Rest In Peace to 1974: Ed Sullivan, television host of "The Ed Sullivan Show" (1948 - 1971), dead at age 73. Ed was born on September 28, 1901 in New York city and became a newspaper man and a radio host. As is obviously from his wooden-frame movement, Ed was never good at expressing himself in words or gesture, but he knew a good act and talent which would fascinate his audience when he saw one, so that Worthington Miner of CBS hired Ed to host the variety show "The Toast of the Town" that directly led him into the show he became famous for on June 20, 1948. Ed would enhance the contrast by showing classic music and ballerina dance next to contemporary and casual singing firefighters. The name of the show was changed to The Ed Sullivan Show in 1955. Ed was not a long-haired hippie by anyone's measuring stick, but he knew what the teenagers wanted, so that Elvis appeare on September 9, 1956 and The Beatles appeared on February 9, 1964. Ed was also pushing to showcase the talented African-Americans such as Diana Ross and Louis Armstrong on television in an era when his sponsors were vehemently against showing any dark skinned people and certainly did not want to give them the coverage of a famous show, although he did agree not to show anyone who was viewed as a Communist in that hate-monger era when there were witch-hunts for Communists. Some people, such as the Canadian pair of Johnny Wayne and Frank Shuster were given heavy coverage in his show, but the patriotic Canadians that they were, they refused to move down south in US where they could have earned a lot more money. But by 1971, Ed began to lose touch with the audience and could no longer read what the audience found interesting.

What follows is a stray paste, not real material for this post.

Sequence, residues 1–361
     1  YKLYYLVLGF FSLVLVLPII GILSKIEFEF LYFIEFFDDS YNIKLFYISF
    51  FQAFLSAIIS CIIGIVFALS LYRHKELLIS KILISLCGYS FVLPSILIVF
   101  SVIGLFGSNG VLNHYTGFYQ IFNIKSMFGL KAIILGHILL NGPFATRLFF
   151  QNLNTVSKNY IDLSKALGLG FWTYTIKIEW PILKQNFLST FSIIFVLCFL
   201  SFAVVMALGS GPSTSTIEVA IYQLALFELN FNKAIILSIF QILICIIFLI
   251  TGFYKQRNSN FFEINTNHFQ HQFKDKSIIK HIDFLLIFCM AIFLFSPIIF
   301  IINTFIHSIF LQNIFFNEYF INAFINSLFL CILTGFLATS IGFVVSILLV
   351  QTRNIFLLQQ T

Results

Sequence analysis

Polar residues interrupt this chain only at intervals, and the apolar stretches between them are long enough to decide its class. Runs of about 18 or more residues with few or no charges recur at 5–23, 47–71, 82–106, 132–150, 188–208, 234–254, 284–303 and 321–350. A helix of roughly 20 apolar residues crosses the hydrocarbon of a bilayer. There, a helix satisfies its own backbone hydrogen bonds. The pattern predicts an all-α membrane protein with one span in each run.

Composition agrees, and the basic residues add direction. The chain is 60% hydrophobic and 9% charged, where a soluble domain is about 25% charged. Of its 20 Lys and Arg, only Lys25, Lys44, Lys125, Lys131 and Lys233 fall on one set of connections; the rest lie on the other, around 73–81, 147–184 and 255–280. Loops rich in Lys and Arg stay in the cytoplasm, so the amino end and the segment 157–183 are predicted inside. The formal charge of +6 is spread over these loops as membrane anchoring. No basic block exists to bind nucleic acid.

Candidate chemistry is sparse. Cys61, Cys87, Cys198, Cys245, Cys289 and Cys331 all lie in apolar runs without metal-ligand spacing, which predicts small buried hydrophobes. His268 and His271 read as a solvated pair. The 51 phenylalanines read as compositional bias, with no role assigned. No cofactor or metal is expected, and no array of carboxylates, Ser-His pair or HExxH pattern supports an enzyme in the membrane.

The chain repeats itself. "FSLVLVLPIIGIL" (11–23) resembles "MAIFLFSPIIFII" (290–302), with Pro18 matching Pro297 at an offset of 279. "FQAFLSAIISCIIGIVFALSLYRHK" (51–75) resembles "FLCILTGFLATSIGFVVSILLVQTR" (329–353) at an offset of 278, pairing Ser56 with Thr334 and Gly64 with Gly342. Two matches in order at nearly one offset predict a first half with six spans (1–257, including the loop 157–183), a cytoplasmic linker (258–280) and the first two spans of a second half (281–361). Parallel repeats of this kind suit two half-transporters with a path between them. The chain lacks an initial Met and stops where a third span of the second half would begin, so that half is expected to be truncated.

Rest In Peace to 1989: Jay Ward, animator of Rocky the squirrel and Bullwinkle the moose, dead at age 69 of kidney cancer in Hollywood, California. Jay was born on September 20, 1920 in San Francisco, California. By the late 1940's, he and Alex Anderson produced the animation "Crusader Rabbit" which did not do well and were forced to sell the company, although he kept the legal ownership of two animation characters; Rocket J. Squirrel and Bullwinkle J. Moose (a name which Jay loved, and it came from a real used car dealer in Berkeley). These characters appeared in the animation series called "The Frostbite Falls Review", a story in which group of animals running a television station in North Woods. It flopped, but were given new stories and went on the air again in Novmeber 1959. While it was well received by the audience, many other animations such as Hoppity Hooper and The Nut House never made it with the exception of George of the Jungle. Now that Rocky the squirrel has been in syndication for so long and the children who saw it have grown-up, they know understand why the stories are funny.